It was something done in the veil of darkness after the neighbors had retreated from the muggy evening heat to their air-conditioned living rooms and prime-time viewing. It was not something to be conducted during daylight, and it has been kept secret—until now.
Perhaps humans enjoy displaying our strange behaviors—or perhaps we all possess an inner desire to come clean; regardless, I’ve chosen to expose our “dirty little secret” and openly confess to the citizens of the world.
My husband and I have painted our dead yews green.
The whole episode started this spring when five yews were planted in front of our home. According to the county ag agent in charge of yews, the planting was done correctly, and, because the yews were container grown bushes, three of them just died.
Funds were low and the season late when we realized there was no hope for the struggling bushes. Two of the smaller yews remained healthy and green, but the three larger bushes turned a sickly yellowish brown. Soon, all green disappeared from their needles. They stood, three lifeless and barren bushes in a line along the front of the house with the two lush, green yews.
Our choices were limited: pull up the dead yews and have gaping holes in the line of bushes or leave the brown yews alone—a stark symbol of our failure as horticulturists.
Then my ever-clever husband hit upon a third option: spray paint the brownish-yellow yews green. And thus, our plans for The Painting began.
We realized such a scheme would be deemed tacky by most, so it was decided The Painting would occur in the cover of darkness, at about 22 hundred hours. A trip to an out-of-town store for the spray paint would be necessary. After all, what if a local store clerk, in her desire to be helpful, asked us what the goods were for? To announce in one’s small home town the planned purpose would bring embarrassment upon our household. So, a trip to an impersonal store in another town was scheduled.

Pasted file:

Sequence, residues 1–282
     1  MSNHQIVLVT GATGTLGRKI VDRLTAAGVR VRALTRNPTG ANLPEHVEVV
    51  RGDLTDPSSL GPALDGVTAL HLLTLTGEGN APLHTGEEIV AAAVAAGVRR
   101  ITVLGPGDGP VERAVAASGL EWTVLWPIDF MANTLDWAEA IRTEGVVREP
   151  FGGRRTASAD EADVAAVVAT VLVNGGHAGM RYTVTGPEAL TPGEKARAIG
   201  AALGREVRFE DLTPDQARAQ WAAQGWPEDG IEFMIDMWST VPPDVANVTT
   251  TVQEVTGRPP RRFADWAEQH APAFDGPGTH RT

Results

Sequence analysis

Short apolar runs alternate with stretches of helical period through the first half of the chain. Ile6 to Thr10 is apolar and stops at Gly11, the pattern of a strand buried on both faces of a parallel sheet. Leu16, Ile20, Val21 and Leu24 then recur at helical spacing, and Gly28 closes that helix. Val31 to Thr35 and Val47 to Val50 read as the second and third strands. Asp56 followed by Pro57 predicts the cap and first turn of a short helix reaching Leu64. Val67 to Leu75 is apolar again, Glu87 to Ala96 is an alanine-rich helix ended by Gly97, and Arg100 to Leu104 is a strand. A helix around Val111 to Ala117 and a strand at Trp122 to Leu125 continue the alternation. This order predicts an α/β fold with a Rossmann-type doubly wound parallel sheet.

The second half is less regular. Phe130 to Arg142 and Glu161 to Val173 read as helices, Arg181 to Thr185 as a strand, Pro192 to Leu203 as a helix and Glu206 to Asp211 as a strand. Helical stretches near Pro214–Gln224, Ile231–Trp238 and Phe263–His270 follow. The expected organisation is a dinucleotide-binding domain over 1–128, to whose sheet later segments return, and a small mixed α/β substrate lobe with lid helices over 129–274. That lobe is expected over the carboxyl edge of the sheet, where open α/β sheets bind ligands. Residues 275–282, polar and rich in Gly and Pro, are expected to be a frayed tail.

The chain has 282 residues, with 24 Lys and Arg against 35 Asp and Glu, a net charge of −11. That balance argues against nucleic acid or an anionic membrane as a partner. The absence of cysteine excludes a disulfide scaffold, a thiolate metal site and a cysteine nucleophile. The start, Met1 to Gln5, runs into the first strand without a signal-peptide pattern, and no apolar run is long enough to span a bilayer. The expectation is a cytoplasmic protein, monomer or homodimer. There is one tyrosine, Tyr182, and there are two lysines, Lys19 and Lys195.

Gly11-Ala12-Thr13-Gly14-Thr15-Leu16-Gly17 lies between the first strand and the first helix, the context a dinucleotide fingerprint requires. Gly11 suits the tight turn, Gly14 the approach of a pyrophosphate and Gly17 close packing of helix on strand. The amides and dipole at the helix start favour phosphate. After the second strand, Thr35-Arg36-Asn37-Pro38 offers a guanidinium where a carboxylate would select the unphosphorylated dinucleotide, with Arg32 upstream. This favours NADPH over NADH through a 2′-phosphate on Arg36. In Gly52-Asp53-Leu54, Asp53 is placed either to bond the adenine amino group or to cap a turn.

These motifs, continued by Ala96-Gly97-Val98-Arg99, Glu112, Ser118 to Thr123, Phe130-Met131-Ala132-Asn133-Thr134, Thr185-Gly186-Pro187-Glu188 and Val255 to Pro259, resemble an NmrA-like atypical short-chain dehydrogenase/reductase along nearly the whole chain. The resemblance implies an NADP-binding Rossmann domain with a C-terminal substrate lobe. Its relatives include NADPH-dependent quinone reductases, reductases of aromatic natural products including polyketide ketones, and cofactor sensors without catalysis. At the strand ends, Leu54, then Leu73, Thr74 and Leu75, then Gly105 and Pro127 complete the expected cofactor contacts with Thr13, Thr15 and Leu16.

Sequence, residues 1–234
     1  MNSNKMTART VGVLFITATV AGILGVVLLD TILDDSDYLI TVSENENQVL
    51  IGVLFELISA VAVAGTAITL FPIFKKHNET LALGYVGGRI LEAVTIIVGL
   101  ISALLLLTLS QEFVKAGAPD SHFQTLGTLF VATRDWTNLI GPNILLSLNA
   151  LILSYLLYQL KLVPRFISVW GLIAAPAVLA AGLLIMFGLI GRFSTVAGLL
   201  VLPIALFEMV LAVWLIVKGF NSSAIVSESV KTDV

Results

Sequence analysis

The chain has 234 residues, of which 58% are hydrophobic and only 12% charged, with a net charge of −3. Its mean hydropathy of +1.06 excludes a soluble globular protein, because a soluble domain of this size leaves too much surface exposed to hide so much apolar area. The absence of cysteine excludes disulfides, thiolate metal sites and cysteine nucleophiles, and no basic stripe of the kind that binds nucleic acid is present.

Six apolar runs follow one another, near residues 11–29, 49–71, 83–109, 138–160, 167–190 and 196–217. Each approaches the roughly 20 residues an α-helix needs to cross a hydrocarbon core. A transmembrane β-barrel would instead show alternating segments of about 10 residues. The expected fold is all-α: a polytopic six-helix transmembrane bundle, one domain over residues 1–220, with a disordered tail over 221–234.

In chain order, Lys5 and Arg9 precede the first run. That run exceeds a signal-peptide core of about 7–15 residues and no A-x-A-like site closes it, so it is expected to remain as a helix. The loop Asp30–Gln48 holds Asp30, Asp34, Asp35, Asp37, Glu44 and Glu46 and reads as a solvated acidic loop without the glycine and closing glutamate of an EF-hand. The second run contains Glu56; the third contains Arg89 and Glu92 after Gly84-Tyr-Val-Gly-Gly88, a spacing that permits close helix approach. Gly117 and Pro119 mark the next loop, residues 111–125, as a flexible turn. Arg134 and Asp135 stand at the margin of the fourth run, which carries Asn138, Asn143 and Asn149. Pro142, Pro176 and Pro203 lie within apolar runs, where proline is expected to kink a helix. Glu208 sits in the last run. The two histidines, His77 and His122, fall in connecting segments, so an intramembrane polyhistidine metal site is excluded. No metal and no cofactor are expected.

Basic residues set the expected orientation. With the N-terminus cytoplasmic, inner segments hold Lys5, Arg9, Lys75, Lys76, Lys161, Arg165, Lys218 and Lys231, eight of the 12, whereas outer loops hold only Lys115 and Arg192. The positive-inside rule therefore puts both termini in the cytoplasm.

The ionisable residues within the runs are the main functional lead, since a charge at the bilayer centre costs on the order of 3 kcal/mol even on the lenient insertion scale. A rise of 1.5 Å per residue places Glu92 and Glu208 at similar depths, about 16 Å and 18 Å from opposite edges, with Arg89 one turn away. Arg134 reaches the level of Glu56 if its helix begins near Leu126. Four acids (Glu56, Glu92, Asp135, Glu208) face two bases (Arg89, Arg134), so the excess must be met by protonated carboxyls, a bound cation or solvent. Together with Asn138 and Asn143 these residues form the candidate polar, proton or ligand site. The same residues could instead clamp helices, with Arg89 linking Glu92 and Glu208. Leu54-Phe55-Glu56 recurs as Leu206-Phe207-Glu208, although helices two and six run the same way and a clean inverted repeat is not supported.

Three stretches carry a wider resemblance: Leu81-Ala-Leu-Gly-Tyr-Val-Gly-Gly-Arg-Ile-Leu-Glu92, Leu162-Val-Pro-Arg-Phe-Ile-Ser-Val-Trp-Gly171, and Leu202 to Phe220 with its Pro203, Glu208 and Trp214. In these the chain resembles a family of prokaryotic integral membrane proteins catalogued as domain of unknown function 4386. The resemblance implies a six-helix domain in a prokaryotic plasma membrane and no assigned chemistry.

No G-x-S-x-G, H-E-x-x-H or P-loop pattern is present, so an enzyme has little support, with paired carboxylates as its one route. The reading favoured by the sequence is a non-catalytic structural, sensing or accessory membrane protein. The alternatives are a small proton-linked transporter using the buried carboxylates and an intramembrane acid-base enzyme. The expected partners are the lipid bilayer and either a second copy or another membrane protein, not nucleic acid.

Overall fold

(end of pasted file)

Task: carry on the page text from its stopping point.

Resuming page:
The plan was being carried off flawlessly when a hitch developed at the impersonal store. My husband and I stood in the spray paint aisle examining the varied hues of green.
“Here’s a green I think sounds perfect,” I said, pointing to a can of forest green with a satin finish. “This ‘forest’ color sounds promising.”
My husband, however, clutched his own can with a green lid. “This is on sale!” he exclaimed. “I think it’s a perfect match.”
I took the can from him, looking at the lid and color description. “It’s Kelly green. And what’s worse, it’s a gloss. We don’t want the yews to shine. No, this satin finish is a much better choice.”
My husband’s eyes rolled toward the ceiling. I could see hin computing the monetary difference between the paints. After a few seconds, the financial result was announced. “The forest green will cost us thirty cents more. Since we don’t even know if this will work, I think we should save the money.”
I’m a penny-pincher at heart, and my husband knows that. For the savings of thirty cents, his paint choice won, and we left for home with a can of glossy Kelly green.
That evening, after sunset, we snuck out to the front yard, flashlight and Kelly green in tow. The Painting was done silently, and in a matter of minutes, our dead yews looked green and vibrant. It was a triumph of paint technology.
I don’t know what our neighbors thought when they awoke the next morning to find our yews miraculously recovered overnight. Perhaps they guessed from the start. There were, after all, clues. The spray-painted yews were a few shades darker and bluer than the real yews. The dirt around the painted yews was the same color as the yews. And the worst part, the painted yews shone like newly waxed cars in the sun.
You may drive by and look at our dead yews if you would like. If the sun is shining, you will need your sunglasses for optimum viewing.